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Security issues in network virtualization for the future Internet

Sriram Natarajan, University of Massachusetts Amherst

Abstract

This dissertation proposes multiple network defense mechanisms. In a typical virtualized network, the network infrastructure and the virtual network are managed by different administrative entities that may not trust each other, raising the concern that any honest-but-curious network infrastructure provider may snoop on traffic sent by the hosted virtual networks. In such a scenario, the virtual network might hesitate to disclose operational information (e.g., source and destination addresses of network traffic, routing information, etc.) to the infrastructure provider. However, the network infrastructure does need sufficient information to perform packet forwarding. We present Encrypted IP (EncrIP), a protocol for encrypting IP addresses that hides information about the virtual network while still allowing packet forwarding with longest-prefix matching techniques that are implemented in commodity routers. Using probabilistic encryption, EncrIP can avoid that an observer can identify what traffic belongs to the same source-destination pairs. Our evaluation results show that EncrIP requires only a few MB of memory on the gateways where traffic enters and leaves the network infrastructure. In our prototype implementation of EncrIP on GENI, which uses standard IP header, the success probability of a statistical inference attack to identify packets belonging to the same session is less than 0.001%. Therefore, we believe EncrIP presents a practical solution for protecting privacy in virtualized networks. ^ While virtualizing the infrastructure components introduces flexibility by reprogramming the protocol stack, it doesn't directly solve the security issues that are encountered in the current Internet. On the contrary, the architecture increases the chances of additive vulnerabilities, thereby increasing the attack space to exploit and launch several attacks. Therefore it is important to consider a virtual network instance that ensures only authorized traffic is transmitted and attack traffic is squelched as close to their source as possible. Network virtualization provides an opportunity to host a network that can guarantee such high-levels of security features thereby protecting both the end systems and the network infrastructure components (i.e., routers, switches, etc.). In this work, we introduce a virtual network instance using capabilities-based network which present a fundamental shift in the security design of network architectures. Instead of permitting the transmission of packets from any source to any destination, routers deny forwarding by default. For a successful transmission, packets need to positively identify themselves and their permissions to each router in the forwarding path. The proposed capabilities-based system uses packet credentials based on Bloom filters. This high-performance design of capabilities makes it feasible that traffic is verified on every router in the network and most attack traffic can be contained within a single hop. Our experimental evaluation confirm that less than one percent of attack traffic passes the first hop and the performance overhead can be as low as 6% for large file transfers. ^ Next, to identify packet forwarding misbehaviors in network virtualization, a controller-based misbehavior detection system is discussed as part of the future work. Overall, this dissertation introduces novel security mechanisms that can be instantiated as inherent security features in the network architecture for the future Internet. The technical challenges in this dissertation involves solving problems from computer networking, network security, principles of protocol design, probability and random processes, and algorithms. (Abstract shortened by UMI.)^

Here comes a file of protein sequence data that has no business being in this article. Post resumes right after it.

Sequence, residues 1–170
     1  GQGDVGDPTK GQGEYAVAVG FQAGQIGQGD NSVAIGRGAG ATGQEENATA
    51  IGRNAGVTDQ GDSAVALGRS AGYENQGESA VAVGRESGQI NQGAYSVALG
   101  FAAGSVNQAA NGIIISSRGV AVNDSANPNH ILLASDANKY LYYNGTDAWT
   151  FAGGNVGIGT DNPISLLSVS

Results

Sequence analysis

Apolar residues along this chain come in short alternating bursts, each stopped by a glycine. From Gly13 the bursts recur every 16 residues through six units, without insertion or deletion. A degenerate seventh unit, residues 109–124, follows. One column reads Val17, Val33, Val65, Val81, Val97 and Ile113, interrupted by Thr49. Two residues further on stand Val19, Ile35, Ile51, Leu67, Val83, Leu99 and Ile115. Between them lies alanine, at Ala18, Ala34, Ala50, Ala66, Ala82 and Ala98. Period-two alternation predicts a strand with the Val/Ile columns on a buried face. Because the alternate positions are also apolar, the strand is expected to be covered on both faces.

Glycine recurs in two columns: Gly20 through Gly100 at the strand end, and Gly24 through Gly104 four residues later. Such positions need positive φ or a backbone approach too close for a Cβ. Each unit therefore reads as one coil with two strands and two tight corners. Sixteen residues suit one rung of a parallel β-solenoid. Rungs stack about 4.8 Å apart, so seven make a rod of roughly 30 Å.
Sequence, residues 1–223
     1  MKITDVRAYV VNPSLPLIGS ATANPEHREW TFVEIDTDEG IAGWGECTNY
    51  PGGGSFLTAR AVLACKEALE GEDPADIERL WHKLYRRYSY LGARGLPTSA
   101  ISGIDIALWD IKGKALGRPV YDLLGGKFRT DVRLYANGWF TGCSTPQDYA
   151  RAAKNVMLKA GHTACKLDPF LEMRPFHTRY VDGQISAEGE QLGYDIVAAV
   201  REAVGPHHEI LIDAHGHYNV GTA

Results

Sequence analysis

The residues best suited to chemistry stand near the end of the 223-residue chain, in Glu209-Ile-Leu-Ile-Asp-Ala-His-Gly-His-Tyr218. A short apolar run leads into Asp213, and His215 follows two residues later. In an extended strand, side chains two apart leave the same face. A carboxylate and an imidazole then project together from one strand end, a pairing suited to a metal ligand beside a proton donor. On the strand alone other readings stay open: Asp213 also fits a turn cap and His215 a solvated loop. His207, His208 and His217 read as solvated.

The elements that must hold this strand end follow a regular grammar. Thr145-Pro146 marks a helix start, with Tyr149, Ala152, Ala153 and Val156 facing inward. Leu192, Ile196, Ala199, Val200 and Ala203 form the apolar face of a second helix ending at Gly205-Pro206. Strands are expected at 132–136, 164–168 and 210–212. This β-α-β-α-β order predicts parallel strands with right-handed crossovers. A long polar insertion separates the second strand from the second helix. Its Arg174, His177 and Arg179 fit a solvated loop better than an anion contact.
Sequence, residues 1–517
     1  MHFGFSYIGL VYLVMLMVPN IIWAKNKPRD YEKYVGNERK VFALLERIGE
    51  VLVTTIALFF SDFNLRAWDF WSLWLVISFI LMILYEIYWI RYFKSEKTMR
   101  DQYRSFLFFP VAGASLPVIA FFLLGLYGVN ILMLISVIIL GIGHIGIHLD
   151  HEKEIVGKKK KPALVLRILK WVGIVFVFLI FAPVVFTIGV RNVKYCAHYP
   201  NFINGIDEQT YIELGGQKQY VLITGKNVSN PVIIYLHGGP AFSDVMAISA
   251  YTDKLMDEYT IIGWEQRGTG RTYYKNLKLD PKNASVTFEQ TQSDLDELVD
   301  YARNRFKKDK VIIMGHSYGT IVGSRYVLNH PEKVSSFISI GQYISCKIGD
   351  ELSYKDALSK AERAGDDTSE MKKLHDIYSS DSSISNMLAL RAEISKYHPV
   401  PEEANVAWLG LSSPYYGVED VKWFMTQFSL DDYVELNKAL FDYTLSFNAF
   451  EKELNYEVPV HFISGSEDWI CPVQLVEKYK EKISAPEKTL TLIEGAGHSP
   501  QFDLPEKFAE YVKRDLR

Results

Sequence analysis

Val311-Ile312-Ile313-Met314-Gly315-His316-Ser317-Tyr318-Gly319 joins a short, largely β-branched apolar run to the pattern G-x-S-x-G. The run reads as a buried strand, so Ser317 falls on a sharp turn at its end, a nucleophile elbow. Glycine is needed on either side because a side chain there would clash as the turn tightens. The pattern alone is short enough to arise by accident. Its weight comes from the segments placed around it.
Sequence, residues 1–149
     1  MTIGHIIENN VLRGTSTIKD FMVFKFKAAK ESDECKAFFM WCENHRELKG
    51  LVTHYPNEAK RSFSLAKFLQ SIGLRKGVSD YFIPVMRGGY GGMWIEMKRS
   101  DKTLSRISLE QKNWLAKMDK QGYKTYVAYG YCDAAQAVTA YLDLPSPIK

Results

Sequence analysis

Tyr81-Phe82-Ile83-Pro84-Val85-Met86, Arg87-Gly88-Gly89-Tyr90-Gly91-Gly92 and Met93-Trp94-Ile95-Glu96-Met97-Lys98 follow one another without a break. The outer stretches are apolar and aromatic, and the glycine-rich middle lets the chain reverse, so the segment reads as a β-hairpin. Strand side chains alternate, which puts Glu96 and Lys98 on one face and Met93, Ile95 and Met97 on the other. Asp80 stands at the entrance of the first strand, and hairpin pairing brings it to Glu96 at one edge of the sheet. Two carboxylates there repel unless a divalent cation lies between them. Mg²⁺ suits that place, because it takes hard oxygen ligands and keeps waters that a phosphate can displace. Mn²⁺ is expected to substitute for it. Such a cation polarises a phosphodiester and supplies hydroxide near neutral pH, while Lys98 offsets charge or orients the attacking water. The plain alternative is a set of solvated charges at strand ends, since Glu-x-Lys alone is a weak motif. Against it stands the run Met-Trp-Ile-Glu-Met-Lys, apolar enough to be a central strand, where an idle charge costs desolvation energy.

Subject Area

Computer engineering|Electrical engineering|Computer science

Recommended Citation

Natarajan, Sriram, "Security issues in network virtualization for the future Internet" (2012). Doctoral Dissertations Available from Proquest. AAI3545968.
http://scholarworks.umass.edu/dissertations/AAI3545968

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